The move intends to ban single-use items like plastic plates, trays, bowls, cutlery, balloon sticks and certain kinds of polystyrene cups and food containers to protect the environment
The British government is set to ban all single-use items like plastic cutlery, plates and polystyrene trays in England to reduce environmental pollution.
According to the Department for Environment, Food and Rural Affairs (Defra), the move intends to ban single-use items like plastic plates, trays, bowls, cutlery, balloon sticks and certain kinds of polystyrene cups and food containers to protect the environment.
The new announcement covers mostly the plastic packaging of food and drinks from restaurants and cafes, not in supermarkets and stores. The confirmation of the government’s decision will be unveiled on 14 January 2023.
Environment Secretary Thérèse Coffey said: “I am determined to drive forward action to tackle this issue head on. We’ve already taken major steps in recent years – but we know there is more to do, and we have again listened to the public’s calls.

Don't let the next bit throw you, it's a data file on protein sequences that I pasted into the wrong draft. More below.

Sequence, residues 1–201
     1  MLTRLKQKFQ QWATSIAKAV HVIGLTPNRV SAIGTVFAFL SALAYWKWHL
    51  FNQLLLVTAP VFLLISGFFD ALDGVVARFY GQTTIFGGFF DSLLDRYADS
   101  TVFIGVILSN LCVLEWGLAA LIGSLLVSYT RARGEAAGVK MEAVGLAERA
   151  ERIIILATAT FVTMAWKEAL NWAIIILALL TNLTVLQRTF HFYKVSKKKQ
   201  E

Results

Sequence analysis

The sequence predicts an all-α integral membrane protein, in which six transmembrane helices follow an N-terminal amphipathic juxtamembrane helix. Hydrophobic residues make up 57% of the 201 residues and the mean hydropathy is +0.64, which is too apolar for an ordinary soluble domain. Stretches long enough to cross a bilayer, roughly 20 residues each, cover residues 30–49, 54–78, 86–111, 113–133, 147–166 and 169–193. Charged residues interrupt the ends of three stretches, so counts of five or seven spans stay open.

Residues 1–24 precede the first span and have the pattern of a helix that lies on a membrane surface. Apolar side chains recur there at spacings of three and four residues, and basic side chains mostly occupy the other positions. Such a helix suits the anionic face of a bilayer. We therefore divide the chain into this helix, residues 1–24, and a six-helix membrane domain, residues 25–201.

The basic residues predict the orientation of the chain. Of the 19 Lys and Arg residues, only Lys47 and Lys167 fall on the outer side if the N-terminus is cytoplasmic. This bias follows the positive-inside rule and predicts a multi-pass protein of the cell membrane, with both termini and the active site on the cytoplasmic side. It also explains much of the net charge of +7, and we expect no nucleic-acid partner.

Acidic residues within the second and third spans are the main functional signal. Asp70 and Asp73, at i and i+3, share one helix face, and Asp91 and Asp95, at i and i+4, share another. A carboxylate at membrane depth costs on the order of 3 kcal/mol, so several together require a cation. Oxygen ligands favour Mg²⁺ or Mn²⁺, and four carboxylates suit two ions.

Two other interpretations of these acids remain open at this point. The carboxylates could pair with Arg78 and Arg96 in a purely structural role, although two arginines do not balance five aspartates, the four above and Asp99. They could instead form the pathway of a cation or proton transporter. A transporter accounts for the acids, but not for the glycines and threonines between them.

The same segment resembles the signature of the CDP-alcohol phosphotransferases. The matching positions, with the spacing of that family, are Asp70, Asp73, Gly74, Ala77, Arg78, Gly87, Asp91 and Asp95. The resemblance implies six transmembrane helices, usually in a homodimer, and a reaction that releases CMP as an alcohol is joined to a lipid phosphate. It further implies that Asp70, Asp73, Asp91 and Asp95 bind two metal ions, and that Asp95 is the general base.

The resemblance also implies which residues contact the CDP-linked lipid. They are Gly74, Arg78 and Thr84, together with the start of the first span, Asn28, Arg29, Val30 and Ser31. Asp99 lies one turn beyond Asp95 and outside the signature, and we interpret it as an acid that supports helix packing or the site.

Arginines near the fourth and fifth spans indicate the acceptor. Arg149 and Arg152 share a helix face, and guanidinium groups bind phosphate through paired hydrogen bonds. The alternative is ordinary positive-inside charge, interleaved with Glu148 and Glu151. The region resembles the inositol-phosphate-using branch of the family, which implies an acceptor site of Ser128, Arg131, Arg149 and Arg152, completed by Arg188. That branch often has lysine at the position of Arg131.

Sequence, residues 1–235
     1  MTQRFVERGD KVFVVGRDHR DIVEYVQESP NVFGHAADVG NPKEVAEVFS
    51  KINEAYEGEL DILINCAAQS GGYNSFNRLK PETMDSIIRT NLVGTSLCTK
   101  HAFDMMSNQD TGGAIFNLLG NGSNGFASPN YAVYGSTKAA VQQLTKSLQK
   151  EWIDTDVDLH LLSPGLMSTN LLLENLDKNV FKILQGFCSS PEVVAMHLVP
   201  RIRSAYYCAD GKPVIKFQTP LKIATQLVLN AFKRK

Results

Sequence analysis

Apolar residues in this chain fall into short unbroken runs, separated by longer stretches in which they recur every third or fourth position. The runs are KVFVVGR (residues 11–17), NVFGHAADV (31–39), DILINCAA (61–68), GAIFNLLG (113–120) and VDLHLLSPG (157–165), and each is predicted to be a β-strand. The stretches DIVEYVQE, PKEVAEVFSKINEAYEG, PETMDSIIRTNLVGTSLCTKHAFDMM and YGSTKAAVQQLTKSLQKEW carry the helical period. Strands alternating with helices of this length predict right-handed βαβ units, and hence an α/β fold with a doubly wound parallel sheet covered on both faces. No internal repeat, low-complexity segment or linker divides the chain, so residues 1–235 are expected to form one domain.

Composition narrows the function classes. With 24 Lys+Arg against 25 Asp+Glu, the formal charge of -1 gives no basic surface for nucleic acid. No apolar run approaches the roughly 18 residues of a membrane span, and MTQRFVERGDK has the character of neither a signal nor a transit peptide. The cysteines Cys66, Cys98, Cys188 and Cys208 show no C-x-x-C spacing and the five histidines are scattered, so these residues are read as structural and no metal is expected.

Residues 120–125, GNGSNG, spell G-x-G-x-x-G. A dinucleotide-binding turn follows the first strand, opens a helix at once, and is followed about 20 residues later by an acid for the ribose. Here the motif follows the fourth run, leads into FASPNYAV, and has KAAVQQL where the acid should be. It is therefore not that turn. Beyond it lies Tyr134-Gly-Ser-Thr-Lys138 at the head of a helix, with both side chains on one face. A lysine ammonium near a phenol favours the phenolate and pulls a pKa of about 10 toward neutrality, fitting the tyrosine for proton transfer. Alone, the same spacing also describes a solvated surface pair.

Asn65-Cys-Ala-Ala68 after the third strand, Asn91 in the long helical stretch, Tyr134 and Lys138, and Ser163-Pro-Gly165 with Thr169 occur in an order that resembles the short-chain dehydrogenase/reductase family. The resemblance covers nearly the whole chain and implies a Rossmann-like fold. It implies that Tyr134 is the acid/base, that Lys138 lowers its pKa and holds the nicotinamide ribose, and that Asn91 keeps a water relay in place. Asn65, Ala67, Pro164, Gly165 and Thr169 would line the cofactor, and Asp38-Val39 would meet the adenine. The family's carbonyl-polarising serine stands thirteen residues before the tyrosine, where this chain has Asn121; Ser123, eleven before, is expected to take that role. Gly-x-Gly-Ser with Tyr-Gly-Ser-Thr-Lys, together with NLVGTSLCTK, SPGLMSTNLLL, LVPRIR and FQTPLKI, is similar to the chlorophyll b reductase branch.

“This new ban will have a huge impact to stop the pollution of billions of pieces of plastics and help to protect the natural environment for future generations.”
The latest decision follows similar moves by Scotland and Wales. England already banned single-use plastic straws, stirrers and plastic-stemmed cotton buds in 2020.
In June last year, the Scottish government banned businesses from using a range of single-use plastic goods. A similar ban was approved in Wales in December and will come into force later in 2023.
The environment campaigners applauded the ban but demanded a wider-ranging plastic reduction strategy, reported BBC. Some of them criticised the slow pace of progress and the limited scope of the ban.
Greenpeace UK political campaigner Megan Randles said: “We’re dealing with a plastic flood, and this is like reaching for a mop instead of turning off the tap.
“We need the government to deliver a meaningful plastic reduction strategy, which means bringing in plastic reduction targets and a proper reuse and refill scheme.”